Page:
1. The White Sox also strike me as being the least interesting of the playoff teams. The Brewers (now eliminated) would have been second. Both teams have good pitching, average defense, and one-dimensional offenses. By one-dimensional, I mean, that if they aren't hitting HR and XBH, they can't put runs on the board. So I guess this combination of factors would constitute a "boring team." You could even throw the Phillies in this category.

  2. "... and the worse of the two fools wins the presidency." I'm assuming your are referring to Obama as the worse of the 2 fools. I don't see how you can say this. Obama/Biden have come across as being more serious, respectable, and credible than McCain/Palin. Of course my perception of the canidates is probably biased by the fact that I'm about as liberal as one can be. And Obama is probably the most liberal canidate who has ever ran for presidency.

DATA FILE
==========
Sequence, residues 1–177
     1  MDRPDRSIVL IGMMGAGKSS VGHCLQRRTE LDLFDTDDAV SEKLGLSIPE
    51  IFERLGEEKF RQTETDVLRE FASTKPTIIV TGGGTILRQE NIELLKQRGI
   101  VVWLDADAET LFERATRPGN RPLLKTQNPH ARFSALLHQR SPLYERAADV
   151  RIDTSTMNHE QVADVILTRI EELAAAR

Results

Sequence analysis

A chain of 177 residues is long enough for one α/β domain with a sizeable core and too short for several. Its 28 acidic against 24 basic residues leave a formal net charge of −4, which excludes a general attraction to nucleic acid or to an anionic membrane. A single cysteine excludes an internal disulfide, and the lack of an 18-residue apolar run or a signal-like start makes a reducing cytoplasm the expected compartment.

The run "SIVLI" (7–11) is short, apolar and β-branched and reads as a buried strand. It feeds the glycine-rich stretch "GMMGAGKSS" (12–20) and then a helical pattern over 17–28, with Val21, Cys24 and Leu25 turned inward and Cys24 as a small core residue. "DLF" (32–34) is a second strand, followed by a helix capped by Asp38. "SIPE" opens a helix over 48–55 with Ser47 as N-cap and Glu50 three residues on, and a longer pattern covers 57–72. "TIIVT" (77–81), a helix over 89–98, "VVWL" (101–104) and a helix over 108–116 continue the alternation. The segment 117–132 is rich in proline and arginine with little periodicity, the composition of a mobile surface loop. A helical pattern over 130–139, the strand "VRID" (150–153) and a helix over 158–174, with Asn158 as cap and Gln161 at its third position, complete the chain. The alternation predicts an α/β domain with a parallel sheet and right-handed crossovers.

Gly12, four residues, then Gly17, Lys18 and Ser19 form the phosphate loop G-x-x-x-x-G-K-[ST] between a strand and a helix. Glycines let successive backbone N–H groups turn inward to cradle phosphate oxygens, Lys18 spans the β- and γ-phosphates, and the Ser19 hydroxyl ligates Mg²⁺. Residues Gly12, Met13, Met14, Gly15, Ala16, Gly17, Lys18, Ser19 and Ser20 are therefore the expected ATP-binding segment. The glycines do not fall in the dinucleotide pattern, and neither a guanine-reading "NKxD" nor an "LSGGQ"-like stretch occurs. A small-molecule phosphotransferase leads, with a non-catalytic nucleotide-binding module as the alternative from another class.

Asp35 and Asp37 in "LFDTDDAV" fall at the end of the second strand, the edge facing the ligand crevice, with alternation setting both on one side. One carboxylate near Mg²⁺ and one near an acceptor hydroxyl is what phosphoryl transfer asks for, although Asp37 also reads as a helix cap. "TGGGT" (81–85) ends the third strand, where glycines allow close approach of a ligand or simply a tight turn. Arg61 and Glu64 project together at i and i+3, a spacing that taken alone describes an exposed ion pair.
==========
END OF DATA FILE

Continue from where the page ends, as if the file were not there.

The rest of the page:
3. My antipathy for the White Sox is centered around my dislike of Ozzie Guillen, both as a player and a manger. Their acquisition of my favorite player (Nick Swisher; only to shun him in favor of Ken Griffey and DeWayne friggin Wise), and the addition of Clayton Richard to their team, has added fuel to the fire.

    I hear what you're saying about "boring" offense though. I like (as a fan, independently of whatever my sabermetric-based conclusions might be) homer and walk players, and so I don't dislike HR-heavy offenses, but the White Sox don't walk a lot, and they are pretty average in doubles. So I agree that they are pretty one-dimensional.